If we can identify those at risk before their behaviour escalates into extremist views or a misguided desire to carry out an act of terrorism, then we can safeguard those individuals and try and steer them away from that lifestyle.

– Detective Chief Superintendent Tony Mole

Detective Mole added there was no evidence to suggest locations in Manchester remain under threat of a terror attack.

Throughout his trial, a number of locations in Manchester were mentioned as potential targets for Naseer. I want to stress that these locations were part of a plot that is now six years old.

There is no current intelligence or evidence to suggest any of these locations are under threat or at risk of a terrorist attack.

I want shoppers and residents to be reassured by that and continue to use the shopping facilities in Manchester without fear or trepidation.

– Detective Chief Superintendent Tony Mole

Abid Naseer found guilty of plotting Manchester bombing

Pakistani citizen Abid Naseer has been found guilty of leading al Qaeda plots to launch bomb attacks in the UK and US.

The 28-year-old was accused of planning a terror attack on Manchester's Arndale shopping centre in 2009, along with an attack in New York.

He was found guilty of all three charges he faced after being tried in front of a jury at Brooklyn's federal district courthouse.

Prosecutors claimed Abid Naseer was the leader of an al-Qaeda terror cell in the North West of England.

Naseer claimed he was an innocent and peace loving man who came to Britain for an education and a wife.

But the jury found him guilty of providing material support to a foreign terrorist organisation, conspiring to provide material support to a foreign terrorist organisation and conspiring to use a destructive device.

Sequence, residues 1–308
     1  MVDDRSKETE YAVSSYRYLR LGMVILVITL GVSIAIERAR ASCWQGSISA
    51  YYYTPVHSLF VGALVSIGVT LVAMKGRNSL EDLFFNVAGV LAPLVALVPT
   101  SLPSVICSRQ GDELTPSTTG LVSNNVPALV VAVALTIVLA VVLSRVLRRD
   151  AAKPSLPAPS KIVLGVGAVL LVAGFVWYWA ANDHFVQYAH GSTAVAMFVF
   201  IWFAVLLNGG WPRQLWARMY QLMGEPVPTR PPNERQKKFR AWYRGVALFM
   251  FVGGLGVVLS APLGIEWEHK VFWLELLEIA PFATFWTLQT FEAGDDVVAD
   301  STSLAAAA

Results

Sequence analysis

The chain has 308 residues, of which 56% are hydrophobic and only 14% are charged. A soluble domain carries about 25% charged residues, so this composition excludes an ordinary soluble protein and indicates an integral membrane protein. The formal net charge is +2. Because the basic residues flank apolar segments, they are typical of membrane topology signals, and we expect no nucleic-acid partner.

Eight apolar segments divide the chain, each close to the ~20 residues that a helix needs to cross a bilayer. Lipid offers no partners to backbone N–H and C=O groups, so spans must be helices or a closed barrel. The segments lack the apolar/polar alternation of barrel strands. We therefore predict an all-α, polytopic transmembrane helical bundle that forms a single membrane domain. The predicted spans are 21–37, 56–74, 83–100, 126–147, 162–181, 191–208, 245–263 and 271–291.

Prosecutors said Naseer's plot formed part of a three-pronged international attack, timed to coincide with strikes on the New York subway and a Danish newspaper.

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MI5 officer: 'Naseer's behaviour was not suspicious'

Naseer cross-examines the officer in court. Credit: Court artist/Jane Rosenberg

An MI5 officer giving evidence in the trial of alleged Manchester bomb plotter Abid Naseer today told a court he did not think his behaviour was suspicious.

'Officer 1661' said he followed Naseer and two other alleged co-conspirators around Liverpool in early 2009.

The court heard the trio visited locations such as a Tesco supermarket.

Naseer, who is representing himself, asked the officer if anything he witnessed caused him to be alarmed or suspicious, to which he replied "no".

Photographs of Naseer's 'co-conspirators' posing in front of locations around Manchester City Centre, such as the Arndale Shopping Centre, St Ann's Square and the City's Cathedral, were shown in court for the first time.

Prosecutors said while they may appear like harmless holiday snaps, they were actually part of a reconnaissance mission as they decided upon their intended target.

M15 officer gives evidence in disguise at Naseer trial

Officer 1661 gives evidence at Naseer's trial. Credit: Court artist/Jane Rosenberg

The first of five MI5 officers today began giving evidence at the trial of alleged Manchester bomb plotter Abid Naseer.

Officer '1661' wore a beard, glasses and a wig to protect his identity.

Speaking in a Northern accent, he told the court in Brooklyn how he trailed Naseer in Liverpool during late March and early April.

Prosecutors claim Naseer planned to blow up the Arndale Shopping Centre in a bid to carry out a "second 9/11".

He is also accused of planning terorr attacks in New York and Copenhagen but denies the charges against him.